The instructors commanded the group with a rhetoric that was completely foreign to me but it was inspirational that the students accustomed to the practice understood and followed the sequence. They went on to performed the next series of poses (flows), which in yoga are called “Vinyasas”. As the group went through these flows of vinsayas, they isolated different poses for several breaths, this helped to deepen the stretch and build endurance. As the group lingered in these poses the teachers would say affirming words such as, “As you breathe feed the fire in your heart, feel how powerful you are becoming as your breath deepens.” or “Use your breath to tap into your awareness and consciously bring yourself to the present.” These phrases of inspiration in yoga are called “Mantras”. Mantras (or mantrams) are words, phrases, or syllables that are chanted thoughtfully and with growing attention until the mind and emotions are transcended; ; and the purpose of this discourse is to tap into a superconscious state allowing your mind to be at peace. The incorporation of these mantras is a cornerstone to the practice.
Remembering the eight founding principals of the Ashtanga practice, the mantras are equally as inspirational and alluring as the poses. Enamored by the idea of everything Yoga encompassed, I join the next class. My first class, I was a proverbial, “fish out of water.” This was partly because I was not very flexible and I was not breathing properly. The most important part of Yoga is, Yogic breaths, learning to breathe through every pose. Particularly in Ashtanga Yoga, “Ujjayi” breathing (the Ocean breath) is very important. This exercise helps enhance your focus and energy levels. I stopped breathing about 90% of the practice, making the practice exponentially harder. I could not hold the poses very long, balance very well or bend very far because I was not breathing properly, this caused my body to be disaligned and rendered my practice ineffective- I lost the meditation. My yoga teacher offered me a mantra of encouragement, “In Yoga, it is all a practice, no one is perfect. Just keep practicing.” And I did. My practice started slowly, every week I looked forward to the class. I looked forward learning more, stretching more, and testing my limits in my Yoga practice. The practice began to become second nature, my breath became yogic and the rhetoric became more explicit every week. To increase my practice, I started to practice Yoga at home, utilizing the layman terms for the poses. For example, instead of using the term “Sūryanamaskara A” I simply told myself “Sun Salutation A” or instead of saying “Urdhva Mukha Shvanasana” I told myself “Upward Facing Dog”. This made the practice more accessible to me, independent of the constructs of instruction. The year came to a close and I had improved drastically. At the end of the year, as a graduation present, one of my Yoga teachers I’d developed a strong relationship with invited me to her Yoga class, where she participated in as a student.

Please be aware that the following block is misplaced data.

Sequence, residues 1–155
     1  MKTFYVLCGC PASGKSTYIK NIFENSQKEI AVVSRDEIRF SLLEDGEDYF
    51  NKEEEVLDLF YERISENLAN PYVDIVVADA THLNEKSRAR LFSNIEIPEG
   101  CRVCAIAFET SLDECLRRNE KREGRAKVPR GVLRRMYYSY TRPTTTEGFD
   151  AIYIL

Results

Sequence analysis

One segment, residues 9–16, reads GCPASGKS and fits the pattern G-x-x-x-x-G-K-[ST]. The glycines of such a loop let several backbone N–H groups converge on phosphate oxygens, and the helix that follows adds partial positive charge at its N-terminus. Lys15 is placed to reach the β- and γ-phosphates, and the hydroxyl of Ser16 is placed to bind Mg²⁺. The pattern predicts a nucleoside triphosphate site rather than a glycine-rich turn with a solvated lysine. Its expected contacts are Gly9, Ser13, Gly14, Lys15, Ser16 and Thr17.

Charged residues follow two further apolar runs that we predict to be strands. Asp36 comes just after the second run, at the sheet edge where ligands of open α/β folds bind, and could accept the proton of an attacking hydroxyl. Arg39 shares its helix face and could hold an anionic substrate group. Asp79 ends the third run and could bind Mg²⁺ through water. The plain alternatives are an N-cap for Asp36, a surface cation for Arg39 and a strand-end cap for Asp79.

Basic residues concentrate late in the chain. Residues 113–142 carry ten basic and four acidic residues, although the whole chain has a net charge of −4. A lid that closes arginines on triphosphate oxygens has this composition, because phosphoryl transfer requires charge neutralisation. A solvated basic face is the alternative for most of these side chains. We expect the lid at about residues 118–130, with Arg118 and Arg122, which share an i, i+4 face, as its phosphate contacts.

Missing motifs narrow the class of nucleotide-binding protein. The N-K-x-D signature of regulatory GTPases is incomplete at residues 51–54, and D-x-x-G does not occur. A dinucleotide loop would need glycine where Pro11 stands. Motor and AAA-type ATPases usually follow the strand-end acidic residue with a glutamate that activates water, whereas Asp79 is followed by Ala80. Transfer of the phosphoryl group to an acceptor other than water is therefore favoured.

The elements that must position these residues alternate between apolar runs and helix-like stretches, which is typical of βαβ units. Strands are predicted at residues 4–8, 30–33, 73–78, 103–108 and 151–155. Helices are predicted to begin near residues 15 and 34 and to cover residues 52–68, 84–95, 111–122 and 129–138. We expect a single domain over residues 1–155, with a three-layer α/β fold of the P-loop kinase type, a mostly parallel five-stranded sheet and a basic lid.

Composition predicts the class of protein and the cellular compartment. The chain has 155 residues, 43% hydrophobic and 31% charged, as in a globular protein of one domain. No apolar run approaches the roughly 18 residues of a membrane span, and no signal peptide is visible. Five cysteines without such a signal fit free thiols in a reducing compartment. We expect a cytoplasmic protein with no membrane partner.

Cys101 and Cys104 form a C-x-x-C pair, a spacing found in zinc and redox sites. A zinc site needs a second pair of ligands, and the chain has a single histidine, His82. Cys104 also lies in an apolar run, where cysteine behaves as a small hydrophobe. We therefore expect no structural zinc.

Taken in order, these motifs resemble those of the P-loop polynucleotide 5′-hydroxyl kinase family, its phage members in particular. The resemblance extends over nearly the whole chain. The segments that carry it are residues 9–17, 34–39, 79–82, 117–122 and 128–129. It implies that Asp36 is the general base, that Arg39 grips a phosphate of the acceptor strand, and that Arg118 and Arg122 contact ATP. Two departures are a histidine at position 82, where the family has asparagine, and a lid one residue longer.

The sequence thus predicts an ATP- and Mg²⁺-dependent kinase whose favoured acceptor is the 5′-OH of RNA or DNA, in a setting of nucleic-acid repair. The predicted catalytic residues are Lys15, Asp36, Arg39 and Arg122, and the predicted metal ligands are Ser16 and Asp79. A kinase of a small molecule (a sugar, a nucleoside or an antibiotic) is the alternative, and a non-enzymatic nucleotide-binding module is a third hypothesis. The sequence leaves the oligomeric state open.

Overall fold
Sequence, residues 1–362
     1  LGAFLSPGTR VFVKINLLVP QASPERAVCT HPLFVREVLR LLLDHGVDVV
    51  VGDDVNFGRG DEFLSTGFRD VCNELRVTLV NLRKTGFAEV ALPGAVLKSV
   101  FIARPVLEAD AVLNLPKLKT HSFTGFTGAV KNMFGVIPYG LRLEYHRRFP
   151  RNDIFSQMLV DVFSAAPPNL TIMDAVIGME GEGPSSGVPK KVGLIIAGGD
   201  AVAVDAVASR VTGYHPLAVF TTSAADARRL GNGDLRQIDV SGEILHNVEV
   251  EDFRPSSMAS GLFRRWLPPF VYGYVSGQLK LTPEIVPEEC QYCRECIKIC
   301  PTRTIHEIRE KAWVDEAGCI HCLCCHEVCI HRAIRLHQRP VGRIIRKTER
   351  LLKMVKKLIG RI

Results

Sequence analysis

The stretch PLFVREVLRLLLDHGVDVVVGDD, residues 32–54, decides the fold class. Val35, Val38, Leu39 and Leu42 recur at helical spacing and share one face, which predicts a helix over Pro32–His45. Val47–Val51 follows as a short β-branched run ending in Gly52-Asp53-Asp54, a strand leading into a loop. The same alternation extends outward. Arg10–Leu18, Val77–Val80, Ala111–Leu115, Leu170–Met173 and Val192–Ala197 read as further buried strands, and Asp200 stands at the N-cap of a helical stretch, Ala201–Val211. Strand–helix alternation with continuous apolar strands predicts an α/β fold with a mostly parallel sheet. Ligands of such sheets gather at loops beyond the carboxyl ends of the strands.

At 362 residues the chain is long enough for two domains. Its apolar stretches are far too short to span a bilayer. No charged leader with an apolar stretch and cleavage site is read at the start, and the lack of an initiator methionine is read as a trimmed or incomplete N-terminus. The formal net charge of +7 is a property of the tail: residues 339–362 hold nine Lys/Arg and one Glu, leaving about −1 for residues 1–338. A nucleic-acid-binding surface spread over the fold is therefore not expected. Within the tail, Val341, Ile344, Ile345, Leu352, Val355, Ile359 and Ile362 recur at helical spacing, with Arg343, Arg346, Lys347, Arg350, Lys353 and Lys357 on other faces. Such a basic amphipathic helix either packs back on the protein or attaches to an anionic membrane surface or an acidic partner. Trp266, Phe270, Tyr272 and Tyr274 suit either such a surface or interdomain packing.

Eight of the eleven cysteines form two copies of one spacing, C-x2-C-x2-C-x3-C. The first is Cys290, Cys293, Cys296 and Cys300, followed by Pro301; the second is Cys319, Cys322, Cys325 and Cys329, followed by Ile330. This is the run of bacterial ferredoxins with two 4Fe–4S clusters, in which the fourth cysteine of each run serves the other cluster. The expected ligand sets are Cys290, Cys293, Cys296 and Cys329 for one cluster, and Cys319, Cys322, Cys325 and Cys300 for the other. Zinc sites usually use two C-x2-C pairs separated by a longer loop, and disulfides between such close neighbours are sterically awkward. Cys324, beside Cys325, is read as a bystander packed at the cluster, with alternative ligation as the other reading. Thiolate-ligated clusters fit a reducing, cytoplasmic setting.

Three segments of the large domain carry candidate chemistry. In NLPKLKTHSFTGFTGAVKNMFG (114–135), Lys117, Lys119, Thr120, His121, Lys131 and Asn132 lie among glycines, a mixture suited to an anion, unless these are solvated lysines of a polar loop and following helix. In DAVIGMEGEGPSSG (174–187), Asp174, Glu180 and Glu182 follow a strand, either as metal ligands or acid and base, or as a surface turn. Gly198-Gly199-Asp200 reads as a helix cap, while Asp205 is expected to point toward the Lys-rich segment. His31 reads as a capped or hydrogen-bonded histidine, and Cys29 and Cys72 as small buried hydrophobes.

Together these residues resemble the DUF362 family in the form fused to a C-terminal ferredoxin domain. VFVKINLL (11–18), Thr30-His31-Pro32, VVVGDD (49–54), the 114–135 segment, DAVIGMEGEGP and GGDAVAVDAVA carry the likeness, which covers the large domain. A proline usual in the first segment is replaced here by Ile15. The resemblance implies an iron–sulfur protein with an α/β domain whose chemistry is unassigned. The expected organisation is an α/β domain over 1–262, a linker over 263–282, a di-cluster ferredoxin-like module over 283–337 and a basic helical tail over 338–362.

I dedicated myself to this deeper practice of Ashtanga yoga, week after week. Slowly, the yogic breaths came back to me. Slowly, my body yield to these more advanced poses. Slowly, I regained my meditative state using this more advance practice to deepen my conscious state of being. I started my yogic journey about 10 years ago, I have solidified my practice and now, I have began teaching my friends and family in a home yoga practice I have entitled, “Yoga for the Soul”. Through repeated discourse, rhetoric becomes more simplified and obtainable to the untrained mind. A part of discourse, I believe, is understanding origins of words and environments that surrounds the communicative exchange. The term "Ashtanga" comes from the Yoga Sutra of Patanjali, where it refers to classic Yoga's eight (ashta)-limb (anga) practice. The eight limbs are symbolic of restraint, observance, posture, breath control, sense withdrawal, concentration, meditative absorption, and "enstasy." This last word can be interpreted as "standing inside of," or it literally means to "put together" or "bring into harmony." In Samadhi- a state of intense concentration achieved through meditation, at which union with the divine is reached. We "stand inside of" our true self in preparation for the ultimate state of classic Yoga, the eternal "aloneness" (kaivalya) of that Self in the purity and joy of simply being. The more knowledgeable you becoming in any given subject the easier it is to understand and retain. Yoga is such a mystic practice that when you are engaged in the practice it becomes spiritual. The ability to find stillness in everything you do is a message that is taught throughout many religious doctrines. Yoga can be used in conjunction religion to help you to become more grounded in any spiritual path you choose. That has been my experience with the discourse that surrounds Yoga. Like Yoga, discourse is a practice, no one is perfect but you have to continue to practice to achieve enlightenment.